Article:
Traveling for ResearchI love to travel, so traveling to do research is twice as fun. There are two kinds of traveling research that I've used. The first type of research is the kind I do when I'm going to make a trip for a vacation or to visit family or friends. On these trips, I may not have a specific story in mind, but I make observations and take lots of pictures that may be valuable for a future story. For instance, one of my daughters lives in Baltimore, Maryland. Whenever we go to visit her, she plans little excursions to nearby places of interest. Of course, there is Baltimore itself. One year we took the Duck Tour around Baltimore. We have also gone to Gettysburg, Annapolis and the Naval Academy, taken a sailing ship out of the harbor and back, toured Evergreen, a house listed on the National Register of Historic Places.
Here is a picture I took in Bar Harbor, Maine. Even if I never set a book in Bar Harbor, this is a great gazebo scene that could take place anywhere my imagination might set it.
Besides taking pictures, I always collect any free brochures or maps that are available. I put these things in magazine files. Sometimes, I will buy a book, especially if it has a lot of photographs in it. Now I have all this information handy if I decide I want to set one of my novels in these places. I can also use this information if a character should visit there. I have brochures and maps that I've collected from nearly every state I've visited, and I've been to all fifty states.
Then there is research travel that involves going to a specific place to look for specific things that I need to know for a book I am writing or a book I plan to write. Three of my books are set near Spokane, Washington. I went to high school there, so I am familiar with the area. But things have changed since I went to high school, so when I visited, I took particular note of the changes I saw. Before I wrote the third book in the series I went back to take a tour of Pend Oreille County, which is north of Spokane and found a place where my hero and heroine go on a picnic. Here is a picture I took of a sunset that I describe in each of the three books in that series.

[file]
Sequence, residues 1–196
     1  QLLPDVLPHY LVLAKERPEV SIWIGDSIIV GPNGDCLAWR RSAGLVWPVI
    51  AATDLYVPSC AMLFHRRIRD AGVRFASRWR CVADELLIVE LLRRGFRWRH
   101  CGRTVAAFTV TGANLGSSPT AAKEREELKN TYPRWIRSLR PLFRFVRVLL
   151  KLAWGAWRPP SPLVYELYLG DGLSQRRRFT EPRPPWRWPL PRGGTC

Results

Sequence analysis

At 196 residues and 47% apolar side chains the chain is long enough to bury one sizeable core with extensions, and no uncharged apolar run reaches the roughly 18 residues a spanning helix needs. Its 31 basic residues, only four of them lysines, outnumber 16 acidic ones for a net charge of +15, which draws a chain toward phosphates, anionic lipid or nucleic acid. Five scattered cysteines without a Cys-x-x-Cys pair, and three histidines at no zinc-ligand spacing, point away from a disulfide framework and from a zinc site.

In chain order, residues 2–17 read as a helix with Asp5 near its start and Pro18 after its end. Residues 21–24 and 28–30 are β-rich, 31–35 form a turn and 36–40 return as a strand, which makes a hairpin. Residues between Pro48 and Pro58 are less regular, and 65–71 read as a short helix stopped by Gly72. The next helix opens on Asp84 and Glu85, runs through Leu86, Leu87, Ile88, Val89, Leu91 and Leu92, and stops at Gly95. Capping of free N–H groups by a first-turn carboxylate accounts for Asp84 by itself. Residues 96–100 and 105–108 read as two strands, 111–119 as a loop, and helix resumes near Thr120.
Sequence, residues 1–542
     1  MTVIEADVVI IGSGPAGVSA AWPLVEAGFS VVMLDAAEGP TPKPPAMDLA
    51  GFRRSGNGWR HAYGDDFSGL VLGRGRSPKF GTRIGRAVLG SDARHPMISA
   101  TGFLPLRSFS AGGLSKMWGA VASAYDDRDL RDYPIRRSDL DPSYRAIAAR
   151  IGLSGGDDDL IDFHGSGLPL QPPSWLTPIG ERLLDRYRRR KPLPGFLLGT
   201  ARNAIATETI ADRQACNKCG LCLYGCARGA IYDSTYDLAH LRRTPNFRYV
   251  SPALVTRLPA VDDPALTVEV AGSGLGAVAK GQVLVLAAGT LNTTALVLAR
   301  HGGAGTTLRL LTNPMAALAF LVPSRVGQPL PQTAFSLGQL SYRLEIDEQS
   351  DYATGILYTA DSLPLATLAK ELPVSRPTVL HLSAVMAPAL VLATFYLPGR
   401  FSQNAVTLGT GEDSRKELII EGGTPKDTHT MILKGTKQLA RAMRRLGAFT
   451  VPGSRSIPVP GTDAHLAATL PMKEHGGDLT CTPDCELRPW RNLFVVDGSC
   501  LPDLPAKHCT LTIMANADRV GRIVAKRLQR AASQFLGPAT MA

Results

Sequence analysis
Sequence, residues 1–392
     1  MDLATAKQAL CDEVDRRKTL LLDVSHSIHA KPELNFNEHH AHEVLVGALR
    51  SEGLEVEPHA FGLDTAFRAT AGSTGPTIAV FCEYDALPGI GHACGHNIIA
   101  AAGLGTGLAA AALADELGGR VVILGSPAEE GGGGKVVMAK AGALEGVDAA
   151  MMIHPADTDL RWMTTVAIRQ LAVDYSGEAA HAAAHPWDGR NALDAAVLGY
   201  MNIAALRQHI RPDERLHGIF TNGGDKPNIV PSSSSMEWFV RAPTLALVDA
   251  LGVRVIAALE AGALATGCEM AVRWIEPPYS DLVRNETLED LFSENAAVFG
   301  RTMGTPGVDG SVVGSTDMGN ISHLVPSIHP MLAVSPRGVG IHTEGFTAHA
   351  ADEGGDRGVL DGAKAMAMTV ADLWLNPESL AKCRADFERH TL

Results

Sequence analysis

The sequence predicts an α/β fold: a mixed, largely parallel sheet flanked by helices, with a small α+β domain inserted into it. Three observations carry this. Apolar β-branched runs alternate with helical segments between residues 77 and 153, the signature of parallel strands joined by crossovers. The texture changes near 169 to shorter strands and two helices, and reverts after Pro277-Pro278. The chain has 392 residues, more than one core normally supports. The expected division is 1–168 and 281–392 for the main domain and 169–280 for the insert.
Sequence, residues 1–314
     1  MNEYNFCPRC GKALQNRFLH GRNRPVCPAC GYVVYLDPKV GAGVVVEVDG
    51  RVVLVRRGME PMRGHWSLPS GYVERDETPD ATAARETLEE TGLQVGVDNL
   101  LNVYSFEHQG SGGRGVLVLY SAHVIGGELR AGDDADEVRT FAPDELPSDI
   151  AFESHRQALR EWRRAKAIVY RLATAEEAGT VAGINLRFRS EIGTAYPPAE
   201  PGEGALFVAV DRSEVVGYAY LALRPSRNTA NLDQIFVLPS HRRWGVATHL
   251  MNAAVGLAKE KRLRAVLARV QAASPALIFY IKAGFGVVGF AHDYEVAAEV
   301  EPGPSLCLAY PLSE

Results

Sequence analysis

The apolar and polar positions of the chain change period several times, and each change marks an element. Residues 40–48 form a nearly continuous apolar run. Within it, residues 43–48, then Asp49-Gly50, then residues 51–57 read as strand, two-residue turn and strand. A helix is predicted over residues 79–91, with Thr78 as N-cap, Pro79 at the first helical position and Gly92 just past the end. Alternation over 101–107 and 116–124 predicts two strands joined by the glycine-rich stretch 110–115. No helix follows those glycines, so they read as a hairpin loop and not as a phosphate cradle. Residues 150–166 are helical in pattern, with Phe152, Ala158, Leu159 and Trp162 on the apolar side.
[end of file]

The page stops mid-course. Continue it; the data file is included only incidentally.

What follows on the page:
Recently I took a trip to the North Georgia mountains, the setting for my book, HOMECOMING BLESSINGS, which comes out in April 2009. I was nearly finished with the book, but I felt that I needed to make a trip there to get a better idea of the small towns in the area, even though I had visited there many years ago. I was certainly glad I made the trip. Besides reaffirming some of my memories, it also reminded me of the hilly terrain, even in the towns. In the story, I have my hero and heroine stop for lunch in the little tourist town of Helen, Georgia. It is filled with all kinds of shops. I have my hero buy the heroine a small gift. While I was writing that scene, I had no idea what he was going to buy her, even after perusing the shops on the internet. So when I visited Helen with a friend, we went through the shops with the specific mission of finding something the hero could buy. The trip was worth finding the perfect gift. The story revolves around a mission that is restoring old houses in the area. So I took pictures of some old houses. Here's one.
I like to combine an in-person visit along with the information I find on the Internet. Many times I research the area on the Internet to find places I want to visit. For instance, for this last trip I checked out all the tourist information on the North Georgia mountains and discovered that a trip to Amicola Falls was a must. So before you go, make a list of places you want to visit and things you want to learn.
When I travel for research, if at all possible, I try to combine it with a vacation or a visit with friends or family. Even though I may not be able to do that, I still find that actually visiting a place can be helpful in making the story setting come alive in my own mind as well as on the pages of a book. Traveling for research can even trigger ideas for future books. Take pictures, collect all the free stuff and save it for a future book, and don't dismiss any opportunity to do research, even if the trip involves visiting relatives or going to a wedding. Make the most of any trip you make.